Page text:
Martin Sebor <msebor at gcc dot> changed:

           What    |Removed                     |Added
           Severity|normal                      |enhancement

--- Comment #2 from Martin Sebor <msebor at gcc dot> ---
This is true and as Richard explained in comment #1, the inconsistency is
unavoidable in general.  It is also documented in the manual:

When the exact number of bytes written by a format directive cannot be
determined at compile-time it is estimated based on heuristics that depend on
the level argument and on optimization. While enabling optimization will in
most cases improve the accuracy of the warning, it may also result in false

It's not possible to detect the exact same set of conditions at all
optimization levels by a warning that depends on optimization.

It may, however,  be possible to suppress the warnings at -O0 when the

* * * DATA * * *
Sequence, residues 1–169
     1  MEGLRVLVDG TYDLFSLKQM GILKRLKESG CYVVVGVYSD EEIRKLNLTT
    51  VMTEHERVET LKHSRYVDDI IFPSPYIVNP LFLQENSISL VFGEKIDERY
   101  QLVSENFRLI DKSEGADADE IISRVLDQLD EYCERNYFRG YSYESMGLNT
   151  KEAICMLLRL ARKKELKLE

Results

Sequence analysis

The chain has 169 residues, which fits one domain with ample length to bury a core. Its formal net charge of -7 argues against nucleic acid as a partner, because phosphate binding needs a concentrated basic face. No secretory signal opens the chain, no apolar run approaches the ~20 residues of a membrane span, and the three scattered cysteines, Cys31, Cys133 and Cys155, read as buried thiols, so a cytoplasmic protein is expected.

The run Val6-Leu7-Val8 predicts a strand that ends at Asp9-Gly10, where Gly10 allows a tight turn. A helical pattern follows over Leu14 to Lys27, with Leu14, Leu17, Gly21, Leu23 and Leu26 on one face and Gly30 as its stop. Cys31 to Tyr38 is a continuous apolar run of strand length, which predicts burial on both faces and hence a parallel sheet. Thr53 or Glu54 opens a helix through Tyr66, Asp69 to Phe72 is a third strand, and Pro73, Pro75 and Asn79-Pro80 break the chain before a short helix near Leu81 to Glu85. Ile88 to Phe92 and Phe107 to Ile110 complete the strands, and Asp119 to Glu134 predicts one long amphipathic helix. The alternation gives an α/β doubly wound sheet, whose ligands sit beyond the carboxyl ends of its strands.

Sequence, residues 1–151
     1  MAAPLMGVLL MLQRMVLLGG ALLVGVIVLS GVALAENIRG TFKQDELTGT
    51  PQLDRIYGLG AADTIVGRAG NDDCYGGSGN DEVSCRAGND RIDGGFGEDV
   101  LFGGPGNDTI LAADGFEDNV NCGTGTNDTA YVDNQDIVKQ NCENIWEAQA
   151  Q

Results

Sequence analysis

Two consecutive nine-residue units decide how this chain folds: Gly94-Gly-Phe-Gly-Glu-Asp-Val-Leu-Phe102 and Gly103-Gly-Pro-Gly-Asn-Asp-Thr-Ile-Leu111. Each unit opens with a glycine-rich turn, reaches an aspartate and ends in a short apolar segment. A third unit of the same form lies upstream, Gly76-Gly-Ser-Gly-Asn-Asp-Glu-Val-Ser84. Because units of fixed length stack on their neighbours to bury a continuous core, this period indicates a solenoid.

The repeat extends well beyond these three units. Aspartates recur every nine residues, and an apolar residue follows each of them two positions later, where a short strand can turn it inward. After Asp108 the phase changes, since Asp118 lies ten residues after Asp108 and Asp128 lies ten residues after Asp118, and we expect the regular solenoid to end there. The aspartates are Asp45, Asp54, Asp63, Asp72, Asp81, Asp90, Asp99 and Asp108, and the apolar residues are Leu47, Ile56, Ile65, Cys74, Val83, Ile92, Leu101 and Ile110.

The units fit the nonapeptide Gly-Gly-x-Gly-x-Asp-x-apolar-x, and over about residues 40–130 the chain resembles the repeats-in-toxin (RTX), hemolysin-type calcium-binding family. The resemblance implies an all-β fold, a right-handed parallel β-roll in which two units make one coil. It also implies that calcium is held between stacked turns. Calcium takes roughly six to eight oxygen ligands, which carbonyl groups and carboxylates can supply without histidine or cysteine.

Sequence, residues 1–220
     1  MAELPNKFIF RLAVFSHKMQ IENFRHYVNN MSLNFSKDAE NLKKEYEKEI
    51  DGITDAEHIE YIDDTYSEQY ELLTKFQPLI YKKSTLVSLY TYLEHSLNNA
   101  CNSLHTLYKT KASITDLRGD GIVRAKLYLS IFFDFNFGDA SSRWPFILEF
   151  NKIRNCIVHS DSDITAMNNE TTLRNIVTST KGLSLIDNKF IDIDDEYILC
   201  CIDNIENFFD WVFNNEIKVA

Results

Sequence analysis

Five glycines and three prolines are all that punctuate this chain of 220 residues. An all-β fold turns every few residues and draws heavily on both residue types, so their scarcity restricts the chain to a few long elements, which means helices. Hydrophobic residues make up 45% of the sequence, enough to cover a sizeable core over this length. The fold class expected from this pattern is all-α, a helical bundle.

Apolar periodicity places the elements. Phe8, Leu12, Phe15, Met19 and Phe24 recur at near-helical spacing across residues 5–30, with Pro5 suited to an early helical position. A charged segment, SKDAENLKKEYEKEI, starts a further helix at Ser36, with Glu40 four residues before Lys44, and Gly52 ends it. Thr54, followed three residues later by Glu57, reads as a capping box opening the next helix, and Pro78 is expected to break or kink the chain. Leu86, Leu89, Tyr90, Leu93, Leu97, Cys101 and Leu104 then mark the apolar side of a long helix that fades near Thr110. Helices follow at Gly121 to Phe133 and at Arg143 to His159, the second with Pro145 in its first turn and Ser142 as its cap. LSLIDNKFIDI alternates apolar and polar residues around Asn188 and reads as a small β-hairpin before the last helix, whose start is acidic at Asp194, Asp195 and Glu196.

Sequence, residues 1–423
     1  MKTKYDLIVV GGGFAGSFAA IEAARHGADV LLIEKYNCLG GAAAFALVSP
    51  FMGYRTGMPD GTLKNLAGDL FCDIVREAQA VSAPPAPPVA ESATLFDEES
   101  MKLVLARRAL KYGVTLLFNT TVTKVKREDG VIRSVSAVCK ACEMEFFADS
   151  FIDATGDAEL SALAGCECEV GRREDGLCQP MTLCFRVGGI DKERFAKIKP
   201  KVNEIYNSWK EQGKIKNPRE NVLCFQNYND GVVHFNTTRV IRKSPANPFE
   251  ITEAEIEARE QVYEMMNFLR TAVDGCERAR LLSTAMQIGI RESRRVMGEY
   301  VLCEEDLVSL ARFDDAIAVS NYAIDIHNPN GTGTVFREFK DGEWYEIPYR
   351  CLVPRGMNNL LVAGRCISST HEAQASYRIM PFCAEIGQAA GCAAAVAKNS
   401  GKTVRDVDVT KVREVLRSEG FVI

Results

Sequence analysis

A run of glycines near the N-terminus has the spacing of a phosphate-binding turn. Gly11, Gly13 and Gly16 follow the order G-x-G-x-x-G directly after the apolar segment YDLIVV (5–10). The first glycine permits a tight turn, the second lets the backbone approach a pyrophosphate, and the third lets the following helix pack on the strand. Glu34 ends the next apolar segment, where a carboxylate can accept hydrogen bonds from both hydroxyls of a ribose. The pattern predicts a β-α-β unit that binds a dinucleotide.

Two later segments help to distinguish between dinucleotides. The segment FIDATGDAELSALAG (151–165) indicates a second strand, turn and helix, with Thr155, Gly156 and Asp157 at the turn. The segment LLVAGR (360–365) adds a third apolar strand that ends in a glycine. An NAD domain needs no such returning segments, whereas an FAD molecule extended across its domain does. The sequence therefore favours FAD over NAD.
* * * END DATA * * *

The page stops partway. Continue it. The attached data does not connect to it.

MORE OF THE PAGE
directives' argument values are indeterminate and their ranges are unavailable,
and issue the warnings only for certain truncation.  That might be an
enhancement worth considering for GCC 8 (it's too late for GCC 7), perhaps
under a new level.

Until then (but even with this possible enhancement) the recommended solution
is to defensively allocate buffers that are sufficiently large for even the
largest argument values, or for %s, use precision, and for integer directives,
use the appropriate length modifiers to constrain the number of bytes output by
individual directives.  This holds true for both -Wformat-overflow and
-Wformat-truncation.  For the latter (and snprintf) specifically, the warnings
can also be avoided by checking the return value.  Calls to snprintf that don't
check their return value are often hidden bugs because subsequent code is
rarely prepared to deal with the truncation.

So for example, the first call to snprintf could be constrained to 4 bytes
(including the terminating NUL) like so:

  snprintf(buffer, 4, "%2hhd", val % 100);

This is 1 byte more than can actually be output by the call.  If that is
unacceptable then I would recommend disabling the warning at -O0 by specifying

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